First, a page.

And on three other projects, the administration is putting the brakes on development to make sure that the affordable housing components of the projects conform to a new law, spearheaded by Ward 5 Councilmember Kenyan McDuffie, that requires an affordable component when city land is used for development. The law stipulates that 20 percent of housing units in new projects be set aside for households making under certain income levels, or 30 percent when the projects are near Metro stations or major bus lines—a far higher requirement than the 8 to 10 percent typically required for new projects under the city's inclusionary zoning law. All three of these projects fall under the 30 percent requirement, and because their land disposition agreements have yet to be approved by the Council, the plans need to be reworked to conform to the law.

Read more Five Big Projects in Flux as Bowser Reviews Development Awards

For Volunteers Counting the Homeless, Striking Out Means Success

homelessAfter more than an hour wandering the streets of Capitol Hill, the two volunteers took great interest in a heap of discarded blankets by Eastern Market.

"Hello!" they addressed the heap. "How are you doing tonight?"

There was no response.

"Is there anyone in there? We just want to make sure you're doing OK."

Still nothing.

One of the volunteers knocked on the lamppost near the center of the heap. There was no movement, so they gingerly lifted a couple of the mottled gray blankets, revealing a shoe and an old suitcase, but no humans. They moved on.

All across the country, this scene played out last night in various forms. One night a year, in order to count the number of homeless people in cities and states across the country, the U.S. Department of Housing and Urban Development sends out locally organized volunteers to do just that. The annual point-in-time count is an awkward and inefficient system for tabulating homeless populations: Volunteer error is likely high, and cold weather, like last night's, can lead to under-counting as homeless residents seek refuge in hallways, shops, cars, and other hard-to-count spots or sleep on a friend or relative's couch. But with no better way to track homelessness, it's the most effective system we have, and supplies the closest thing to an official national count of homelessness.

Last January's count found a 3.5 percent increase in total homelessness in the D.C. region over the previous year—attributable almost entirely to a 13 percent jump in the District, as most other jurisdictions in the region saw declines. D.C. had 65 percent of the region's homeless population, with 7,748 homeless residents, or 1.2 percent of the city's total population.

This year's numbers won't be compiled and released until the spring, but there's reason to think they could be even higher. The city expected family homelessness—just one component of the total homeless population that also includes homeless individual adults and youth—to rise 16 percent this winter over last winter. Already, the city is well beyond its family shelter capacity, and nearly 400 homeless families are being sheltered at motels for lack of traditional shelter space.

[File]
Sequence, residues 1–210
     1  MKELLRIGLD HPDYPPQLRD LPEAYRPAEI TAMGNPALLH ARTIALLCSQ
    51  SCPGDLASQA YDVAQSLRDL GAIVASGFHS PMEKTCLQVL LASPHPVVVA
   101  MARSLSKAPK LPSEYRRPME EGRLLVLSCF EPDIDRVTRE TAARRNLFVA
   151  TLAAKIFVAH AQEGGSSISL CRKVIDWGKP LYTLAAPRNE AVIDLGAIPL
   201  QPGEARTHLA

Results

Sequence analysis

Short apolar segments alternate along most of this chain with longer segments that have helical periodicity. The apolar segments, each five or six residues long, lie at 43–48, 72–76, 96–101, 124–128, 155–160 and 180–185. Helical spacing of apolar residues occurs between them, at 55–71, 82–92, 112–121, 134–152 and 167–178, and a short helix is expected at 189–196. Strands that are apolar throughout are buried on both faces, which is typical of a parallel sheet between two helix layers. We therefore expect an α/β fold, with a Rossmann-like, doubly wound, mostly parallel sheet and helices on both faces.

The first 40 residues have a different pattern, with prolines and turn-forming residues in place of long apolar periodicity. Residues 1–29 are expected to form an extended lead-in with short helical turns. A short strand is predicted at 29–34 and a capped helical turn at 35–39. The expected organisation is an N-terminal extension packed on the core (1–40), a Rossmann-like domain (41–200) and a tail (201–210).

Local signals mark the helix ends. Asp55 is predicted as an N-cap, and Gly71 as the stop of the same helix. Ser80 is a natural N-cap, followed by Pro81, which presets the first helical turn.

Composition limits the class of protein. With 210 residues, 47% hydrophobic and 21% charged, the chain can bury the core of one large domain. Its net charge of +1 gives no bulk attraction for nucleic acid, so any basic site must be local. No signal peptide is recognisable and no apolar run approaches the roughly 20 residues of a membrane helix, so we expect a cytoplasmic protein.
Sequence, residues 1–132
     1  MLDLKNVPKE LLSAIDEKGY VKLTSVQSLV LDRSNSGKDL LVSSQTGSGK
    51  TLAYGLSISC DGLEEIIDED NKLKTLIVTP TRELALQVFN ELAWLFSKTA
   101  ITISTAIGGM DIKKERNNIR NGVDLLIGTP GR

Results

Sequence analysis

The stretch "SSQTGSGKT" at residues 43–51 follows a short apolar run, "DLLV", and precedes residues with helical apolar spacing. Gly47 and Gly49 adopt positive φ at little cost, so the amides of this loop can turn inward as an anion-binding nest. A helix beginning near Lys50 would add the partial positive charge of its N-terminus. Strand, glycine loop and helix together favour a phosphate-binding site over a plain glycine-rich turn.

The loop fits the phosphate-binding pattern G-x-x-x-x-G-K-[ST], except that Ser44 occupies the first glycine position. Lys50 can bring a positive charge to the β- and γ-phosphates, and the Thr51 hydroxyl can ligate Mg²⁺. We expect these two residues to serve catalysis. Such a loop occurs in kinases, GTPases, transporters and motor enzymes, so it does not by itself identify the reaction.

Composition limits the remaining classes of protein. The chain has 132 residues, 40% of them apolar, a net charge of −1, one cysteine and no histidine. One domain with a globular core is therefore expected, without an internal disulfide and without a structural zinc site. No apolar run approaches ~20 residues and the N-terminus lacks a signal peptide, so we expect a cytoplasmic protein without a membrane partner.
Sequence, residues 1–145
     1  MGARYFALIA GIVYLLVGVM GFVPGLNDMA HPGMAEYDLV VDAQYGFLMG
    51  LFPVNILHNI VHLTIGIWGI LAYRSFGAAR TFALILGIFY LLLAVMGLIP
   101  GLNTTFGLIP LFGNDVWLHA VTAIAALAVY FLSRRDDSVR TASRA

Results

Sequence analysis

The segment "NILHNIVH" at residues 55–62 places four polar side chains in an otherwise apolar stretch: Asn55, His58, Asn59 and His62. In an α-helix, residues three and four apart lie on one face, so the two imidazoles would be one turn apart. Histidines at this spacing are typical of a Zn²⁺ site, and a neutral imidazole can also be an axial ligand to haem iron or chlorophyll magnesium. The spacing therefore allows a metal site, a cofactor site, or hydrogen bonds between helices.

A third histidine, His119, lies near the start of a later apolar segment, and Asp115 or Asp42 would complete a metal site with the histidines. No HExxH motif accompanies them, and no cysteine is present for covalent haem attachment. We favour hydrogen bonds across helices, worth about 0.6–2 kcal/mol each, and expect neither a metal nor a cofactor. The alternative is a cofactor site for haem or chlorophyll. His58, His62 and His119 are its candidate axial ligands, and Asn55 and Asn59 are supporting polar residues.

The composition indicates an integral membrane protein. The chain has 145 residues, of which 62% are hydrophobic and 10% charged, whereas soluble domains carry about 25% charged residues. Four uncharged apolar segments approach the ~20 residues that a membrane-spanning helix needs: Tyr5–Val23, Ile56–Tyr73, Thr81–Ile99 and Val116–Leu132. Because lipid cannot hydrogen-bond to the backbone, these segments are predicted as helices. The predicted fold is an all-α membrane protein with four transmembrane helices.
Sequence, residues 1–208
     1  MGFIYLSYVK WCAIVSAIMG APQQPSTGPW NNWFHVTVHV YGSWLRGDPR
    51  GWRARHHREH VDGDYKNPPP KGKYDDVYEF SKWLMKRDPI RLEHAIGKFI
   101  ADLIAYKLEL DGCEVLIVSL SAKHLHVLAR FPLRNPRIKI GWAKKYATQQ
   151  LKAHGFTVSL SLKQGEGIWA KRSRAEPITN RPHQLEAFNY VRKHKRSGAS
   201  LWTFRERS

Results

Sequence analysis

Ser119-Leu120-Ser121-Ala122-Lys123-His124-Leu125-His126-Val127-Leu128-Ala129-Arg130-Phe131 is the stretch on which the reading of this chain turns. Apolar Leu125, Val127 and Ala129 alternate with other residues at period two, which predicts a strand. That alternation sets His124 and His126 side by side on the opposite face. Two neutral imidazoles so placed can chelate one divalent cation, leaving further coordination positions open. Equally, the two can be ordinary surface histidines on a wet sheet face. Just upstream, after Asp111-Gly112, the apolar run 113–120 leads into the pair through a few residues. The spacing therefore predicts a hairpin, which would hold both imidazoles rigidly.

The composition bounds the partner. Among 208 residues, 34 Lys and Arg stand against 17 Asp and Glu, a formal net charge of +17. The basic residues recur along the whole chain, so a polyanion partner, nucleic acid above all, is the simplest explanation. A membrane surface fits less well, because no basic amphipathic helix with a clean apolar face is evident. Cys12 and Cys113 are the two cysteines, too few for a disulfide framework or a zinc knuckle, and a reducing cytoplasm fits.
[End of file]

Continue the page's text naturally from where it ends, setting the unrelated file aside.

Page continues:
Read more For Volunteers Counting the Homeless, Striking Out Means Success

Morning Links

north capIt's extra-super-duper official now: REI's coming to NoMa. [Post]

At a luxury Georgetown condo, a month yields a $700,000 price bump. [UrbanTurf]

Capitol Gateway takes a step forward. [WBJ]

Union Market project gets a new look. [UrbanTurf]

Visualize the evolution of the world's transit systems. [Alexander Rapp]

Donald Trump says he "beat up" contractors at his D.C. hotel project. [Post]

Today on the market: End-unit rowhouse with a porch overlooking North Capitol Street—$599,500

In Transient D.C., Low-Income Residents Likelier to Leave

A person's chances of leaving the tax rolls between 2004 and 2012, by income quintile.

A person's chances of leaving the tax rolls between 2004 and 2012, by income quintile.

D.C.'s reputation as a transient city is well founded, with low-income residents especially likely to have left the District over the past decade, according to a study released today. Researchers from the D.C. Office of the Chief Financial Officer crunched the numbers on tax filings between 2004 and 2012 and determined that just 23 percent of the 42,257 people who first filed their D.C. taxes in 2004 remained on the tax rolls in 2012. Those numbers come with a substantial caveat: People who changed their status from single to filing jointly disappeared from the tax rolls. And indeed, of the 28,725 first-time single filers in 2004, only two continuously remained single every year through 2012.

Still, the numbers are revealing, particularly when they're broken down by income. Of people who were in the highest income quintile when they arrived in D.C. in 2004, 41 percent were still on the tax rolls in 2012. Compare that to the lowest quintile, where only a quarter remained. This contrast points to the oft-discussed (and oft-rebutted) notion that the city's economic growth and rising costs have pushed out lower-income residents in the past 10 years.